Weekly in Security is a summary of the cybersecurity news from the past week. This post covers 2022-08-22 to 2022-08-29.
Modzero disclosed a minor security issue in a CrowdStrike agent. The researchers did not want to participate in a bug bounty program. After some back-and-forth, they provided a draft advisory together with the poc. CrowdStrike could not reproduce the issue and did not provide a trial license to test the vulnerability with an updated agent. So, after finding a suitable test agent the researcher found that the vulnerability was detected on the latest version. However, they were able to circumvent the countermeasures with small adjustments to the exploit.
This underlines two key aspects. First, a lack of CVEs is not indicative of software quality. Many bug bounty reports never are never published. This is also the second important aspect. Non-disclosure agreements restrict the flow of important information. Especially for information security, security through obscurity has proven bad practice many many times.
A security researcher bought a 2021 Hyundai Ioniq SEL. The typical challenge would be to run Doom on the In-Vehicle Infotainment (IVI) system. In a really good article he does include dead ends and issues on his journey. At the end of which he achieved root access on the IVI.
After the initial research phase the identified the IVI software D-Audio2V. The updates were distributed as password-protected ZIP archives. ZIP archives are vulnerable to a known-plaintext attack can be executed with bkcrack. After some digging and debugging bcrack was able to find the key. Further down the line he discovered, that the password was present in the repo all along. It was listed in a shell script. The script also included an AES encryption key. A quick search revealed that is was the AES 128bit CBC example key listed in the NIST document SP800-38A. Also, the RSA public key for signing was present. A quick search revealed, that if was taken directly from the tutorial RSA Encryption & Decryption Example with OpenSSL in C”.
Peiter “Mudge” Zatko has a long history in the area of information security. He was the chief security officer at Twitter until he was fired this January. Now he filed a whistleblower complaint with the SEC against Twitter. Multiple newspapers provide additional details.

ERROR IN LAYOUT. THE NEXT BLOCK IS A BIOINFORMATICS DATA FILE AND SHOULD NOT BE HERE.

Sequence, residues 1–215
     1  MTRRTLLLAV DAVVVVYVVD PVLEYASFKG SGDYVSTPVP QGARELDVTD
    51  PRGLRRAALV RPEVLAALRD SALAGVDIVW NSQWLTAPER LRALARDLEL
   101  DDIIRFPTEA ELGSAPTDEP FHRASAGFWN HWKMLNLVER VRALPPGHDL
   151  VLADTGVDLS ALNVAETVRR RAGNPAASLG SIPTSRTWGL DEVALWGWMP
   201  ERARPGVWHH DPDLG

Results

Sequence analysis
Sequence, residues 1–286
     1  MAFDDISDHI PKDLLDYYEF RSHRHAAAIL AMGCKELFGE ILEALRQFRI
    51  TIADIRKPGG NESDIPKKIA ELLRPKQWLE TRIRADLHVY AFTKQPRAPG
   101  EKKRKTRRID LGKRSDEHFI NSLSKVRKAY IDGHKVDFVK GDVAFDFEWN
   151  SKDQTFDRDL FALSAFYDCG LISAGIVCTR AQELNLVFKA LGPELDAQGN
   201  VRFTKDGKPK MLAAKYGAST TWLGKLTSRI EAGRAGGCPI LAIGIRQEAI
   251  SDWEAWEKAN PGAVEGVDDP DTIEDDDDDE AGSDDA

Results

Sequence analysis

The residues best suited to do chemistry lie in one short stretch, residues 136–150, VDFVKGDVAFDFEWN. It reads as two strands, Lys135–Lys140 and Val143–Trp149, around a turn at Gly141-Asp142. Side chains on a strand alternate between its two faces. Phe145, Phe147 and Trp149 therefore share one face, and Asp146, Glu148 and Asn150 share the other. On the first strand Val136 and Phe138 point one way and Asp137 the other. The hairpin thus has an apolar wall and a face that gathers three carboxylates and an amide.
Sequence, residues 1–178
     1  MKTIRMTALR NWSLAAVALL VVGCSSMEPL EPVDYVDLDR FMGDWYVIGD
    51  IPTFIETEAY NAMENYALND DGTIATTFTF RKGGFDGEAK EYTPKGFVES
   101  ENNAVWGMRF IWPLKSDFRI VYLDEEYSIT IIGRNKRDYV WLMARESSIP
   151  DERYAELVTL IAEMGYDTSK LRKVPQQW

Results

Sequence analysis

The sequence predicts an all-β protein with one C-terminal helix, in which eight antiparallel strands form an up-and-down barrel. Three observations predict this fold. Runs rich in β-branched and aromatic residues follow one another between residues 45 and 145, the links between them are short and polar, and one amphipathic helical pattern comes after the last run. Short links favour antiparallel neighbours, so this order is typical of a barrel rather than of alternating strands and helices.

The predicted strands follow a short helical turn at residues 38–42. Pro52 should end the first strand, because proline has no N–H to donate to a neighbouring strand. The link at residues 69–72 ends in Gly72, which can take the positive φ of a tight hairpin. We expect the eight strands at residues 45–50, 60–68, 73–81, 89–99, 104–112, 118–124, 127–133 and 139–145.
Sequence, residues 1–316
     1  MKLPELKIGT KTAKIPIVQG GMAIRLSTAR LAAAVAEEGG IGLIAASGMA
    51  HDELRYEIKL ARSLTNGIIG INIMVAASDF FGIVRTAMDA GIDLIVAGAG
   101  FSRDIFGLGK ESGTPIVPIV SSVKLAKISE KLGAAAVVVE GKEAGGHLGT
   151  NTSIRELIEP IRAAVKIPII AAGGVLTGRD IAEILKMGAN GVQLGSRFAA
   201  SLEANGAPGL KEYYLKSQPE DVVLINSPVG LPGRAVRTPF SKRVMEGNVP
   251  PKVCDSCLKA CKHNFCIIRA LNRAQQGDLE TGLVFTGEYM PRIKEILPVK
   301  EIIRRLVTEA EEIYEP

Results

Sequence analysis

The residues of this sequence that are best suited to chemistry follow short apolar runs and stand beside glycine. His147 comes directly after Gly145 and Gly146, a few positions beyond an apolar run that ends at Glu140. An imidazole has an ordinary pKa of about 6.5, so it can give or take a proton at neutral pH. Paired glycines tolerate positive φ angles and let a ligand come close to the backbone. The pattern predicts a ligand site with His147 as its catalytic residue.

The disclosure paints a picture of a chaotic and reckless environment at a mismanaged company that allows too many of its staff access to the platform’s central controls and most sensitive information without adequate oversight. It also alleges that some of the company’s senior-most executives have been trying to cover up Twitter’s serious vulnerabilities, and that one or more current employees may be working for a foreign intelligence service.
This complaint comes at a very unfortunate timing for the legal battle with Elon Musk.
Patrick Hillmann, Chief Communications Officer at Binance, has been at the heart of a “deep fake” based scam . The criminals were able to create a deep fake of Patrick Then, they targeted unsuspecting crypto projects into a video call and lured them with Binance listings. One comment from Patrick stands out.
Other than the 15 pounds that I gained during COVID being noticeably absent, this deep fake was refined enough […]
There have already been reports on code-signed rootkits like Netfilter, FiveSys, and Fire Chili. These rootkits are usually signed with stolen certificates or are falsely validated. However, when a legitimate driver is used as a rootkit, that’s a different story. Such is the case of mhyprot2.sys, a vulnerable anti-cheat driver for the popular role-playing game Genshin Impact. The driver is currently being abused by a ransomware actor to kill antivirus processes and services for mass-deploying ransomware. Trend Micro published a detailed analysis.
Israeli researcher Mordechai Guri has published his paper ETHERLED. ETHERLED is a new technique that allows attackers to leak data from air-gapped devices by controlling the status LEDs. This attack can be used on a wide range of devices, including PCs, printers, network cameras, and embedded controllers. Data can be encoded and modulated over the optical signals generated by the LEDs. An attacker with line-of-sight to the device can intercept and decode these signals. Defensive countermeasures for this attack include physically obscuring the LEDs or monitoring for unusual activity.
Python library with CLI allowing to remotely dump domain user credentials via an ADCS without dumping the LSASS process memory
Scans SBoMs for security vulnerabilities
A vulnerability scanner for container images and filesystems